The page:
Why U.S. coins seem scarce
In recent months, you might not have seen as much loose change as before the coronavirus pandemic.
Business and bank closures associated with the pandemic have significantly disrupted the supply chain and circulation patterns for U.S. coins, even though there isn’t a “shortage.” Here’s a look at the situation and the ongoing efforts to address it.
The slowed pace of circulation has reduced available inventories in some areas of the country. Many have referred to this as a shortage; however, it is not. There is more than $40 billion in coin already in circulation, most of which is inside American households.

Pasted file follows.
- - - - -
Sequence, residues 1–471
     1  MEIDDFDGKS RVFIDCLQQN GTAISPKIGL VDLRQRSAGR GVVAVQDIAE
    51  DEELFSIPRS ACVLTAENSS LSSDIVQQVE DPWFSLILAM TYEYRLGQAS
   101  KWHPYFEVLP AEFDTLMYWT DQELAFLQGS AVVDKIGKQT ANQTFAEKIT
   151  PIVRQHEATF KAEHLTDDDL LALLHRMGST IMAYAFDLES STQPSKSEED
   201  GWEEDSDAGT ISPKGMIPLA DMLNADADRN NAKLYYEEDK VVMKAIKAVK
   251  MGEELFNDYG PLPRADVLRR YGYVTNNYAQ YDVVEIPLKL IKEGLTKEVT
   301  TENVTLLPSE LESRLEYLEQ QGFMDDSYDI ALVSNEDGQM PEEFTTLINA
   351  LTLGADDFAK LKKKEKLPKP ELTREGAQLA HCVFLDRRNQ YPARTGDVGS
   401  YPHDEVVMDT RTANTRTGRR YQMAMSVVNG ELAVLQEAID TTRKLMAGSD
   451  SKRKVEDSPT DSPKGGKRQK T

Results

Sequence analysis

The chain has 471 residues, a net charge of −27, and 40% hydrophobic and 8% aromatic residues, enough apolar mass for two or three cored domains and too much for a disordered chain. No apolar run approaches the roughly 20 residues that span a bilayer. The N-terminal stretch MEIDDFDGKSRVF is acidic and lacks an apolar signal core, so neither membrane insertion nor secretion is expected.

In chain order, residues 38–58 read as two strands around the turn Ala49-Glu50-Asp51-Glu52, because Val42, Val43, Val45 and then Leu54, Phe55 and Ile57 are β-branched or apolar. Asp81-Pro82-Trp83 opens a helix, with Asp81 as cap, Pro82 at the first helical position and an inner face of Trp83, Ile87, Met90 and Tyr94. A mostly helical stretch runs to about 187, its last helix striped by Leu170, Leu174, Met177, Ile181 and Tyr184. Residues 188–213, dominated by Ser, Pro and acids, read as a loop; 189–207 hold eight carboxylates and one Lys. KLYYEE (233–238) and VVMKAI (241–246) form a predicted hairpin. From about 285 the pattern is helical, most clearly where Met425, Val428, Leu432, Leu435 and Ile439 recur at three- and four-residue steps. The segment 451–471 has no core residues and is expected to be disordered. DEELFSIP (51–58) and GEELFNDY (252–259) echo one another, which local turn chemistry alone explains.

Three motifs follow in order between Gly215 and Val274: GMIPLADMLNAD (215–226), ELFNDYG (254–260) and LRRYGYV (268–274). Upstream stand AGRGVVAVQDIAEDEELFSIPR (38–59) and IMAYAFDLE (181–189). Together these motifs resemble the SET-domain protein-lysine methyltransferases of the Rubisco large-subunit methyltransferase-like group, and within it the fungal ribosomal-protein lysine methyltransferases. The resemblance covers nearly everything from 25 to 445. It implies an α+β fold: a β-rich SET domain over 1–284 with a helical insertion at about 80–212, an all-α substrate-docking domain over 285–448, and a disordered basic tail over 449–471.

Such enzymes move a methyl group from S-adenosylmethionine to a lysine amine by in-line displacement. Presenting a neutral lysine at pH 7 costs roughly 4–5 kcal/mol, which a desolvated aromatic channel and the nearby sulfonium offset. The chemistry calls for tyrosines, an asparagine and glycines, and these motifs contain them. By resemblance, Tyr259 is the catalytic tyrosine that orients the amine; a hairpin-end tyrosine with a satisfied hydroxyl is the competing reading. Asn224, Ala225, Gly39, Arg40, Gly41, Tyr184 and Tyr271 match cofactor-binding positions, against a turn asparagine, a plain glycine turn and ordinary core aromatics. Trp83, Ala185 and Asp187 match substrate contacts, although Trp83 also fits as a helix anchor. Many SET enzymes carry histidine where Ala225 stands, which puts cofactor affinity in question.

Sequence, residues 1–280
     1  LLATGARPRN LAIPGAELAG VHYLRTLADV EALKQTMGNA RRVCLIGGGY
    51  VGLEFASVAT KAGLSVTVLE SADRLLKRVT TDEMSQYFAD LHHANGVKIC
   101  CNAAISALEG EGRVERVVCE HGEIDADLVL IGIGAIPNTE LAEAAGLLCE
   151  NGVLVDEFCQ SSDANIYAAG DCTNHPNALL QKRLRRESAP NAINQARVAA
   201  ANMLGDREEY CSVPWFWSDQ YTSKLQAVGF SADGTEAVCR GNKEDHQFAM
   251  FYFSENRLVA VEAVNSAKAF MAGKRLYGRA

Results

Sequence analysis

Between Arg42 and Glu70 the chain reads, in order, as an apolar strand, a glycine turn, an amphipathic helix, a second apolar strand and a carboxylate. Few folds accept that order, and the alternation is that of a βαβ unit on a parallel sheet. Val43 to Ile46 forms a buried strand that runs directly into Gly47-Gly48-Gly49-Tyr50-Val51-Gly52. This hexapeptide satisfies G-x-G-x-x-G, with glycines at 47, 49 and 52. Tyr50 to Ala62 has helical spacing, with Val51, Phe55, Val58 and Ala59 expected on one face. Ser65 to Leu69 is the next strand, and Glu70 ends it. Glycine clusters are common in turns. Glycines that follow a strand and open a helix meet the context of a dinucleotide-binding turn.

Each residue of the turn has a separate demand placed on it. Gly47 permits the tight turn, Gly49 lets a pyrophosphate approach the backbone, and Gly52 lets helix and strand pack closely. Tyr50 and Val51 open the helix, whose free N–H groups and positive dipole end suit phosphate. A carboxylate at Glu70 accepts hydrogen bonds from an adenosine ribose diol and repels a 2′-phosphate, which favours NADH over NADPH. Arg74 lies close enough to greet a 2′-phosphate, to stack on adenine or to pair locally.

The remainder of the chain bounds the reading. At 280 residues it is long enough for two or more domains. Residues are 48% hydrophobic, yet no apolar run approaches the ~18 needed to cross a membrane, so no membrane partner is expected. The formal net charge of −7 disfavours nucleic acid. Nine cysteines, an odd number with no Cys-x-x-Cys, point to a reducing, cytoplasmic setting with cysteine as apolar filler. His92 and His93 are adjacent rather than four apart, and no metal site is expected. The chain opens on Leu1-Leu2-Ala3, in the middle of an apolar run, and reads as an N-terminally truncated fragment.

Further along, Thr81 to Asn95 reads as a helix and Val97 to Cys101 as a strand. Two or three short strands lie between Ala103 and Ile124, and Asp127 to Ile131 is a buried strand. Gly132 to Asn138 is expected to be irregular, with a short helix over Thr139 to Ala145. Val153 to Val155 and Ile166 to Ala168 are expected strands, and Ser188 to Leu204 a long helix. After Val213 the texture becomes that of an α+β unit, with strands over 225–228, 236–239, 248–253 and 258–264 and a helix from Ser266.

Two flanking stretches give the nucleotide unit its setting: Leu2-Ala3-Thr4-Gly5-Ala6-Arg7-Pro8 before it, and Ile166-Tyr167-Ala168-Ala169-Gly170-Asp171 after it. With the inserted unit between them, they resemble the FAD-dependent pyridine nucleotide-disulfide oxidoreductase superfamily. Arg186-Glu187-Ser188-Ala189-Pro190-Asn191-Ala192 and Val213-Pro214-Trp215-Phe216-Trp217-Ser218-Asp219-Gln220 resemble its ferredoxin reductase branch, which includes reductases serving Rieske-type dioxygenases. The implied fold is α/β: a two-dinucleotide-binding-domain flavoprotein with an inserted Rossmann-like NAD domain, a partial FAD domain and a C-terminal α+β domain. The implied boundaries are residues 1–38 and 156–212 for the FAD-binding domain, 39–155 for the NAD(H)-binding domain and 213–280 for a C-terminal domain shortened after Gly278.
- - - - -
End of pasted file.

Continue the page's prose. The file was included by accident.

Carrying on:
In June a temporary cap was imposed on orders that depository institutions place for coins with the Federal Reserve to ensure that the current supply is distributed. In addition, the Fed and industry partners formed the U.S. Coin Task Force in July to address disruptions to coin circulation. The group has released its initial recommendations online.
Since mid-June, the Mint has been operating at full capacity. The Mint is on track to produce 1.65 billion coins per month for the rest of 2020.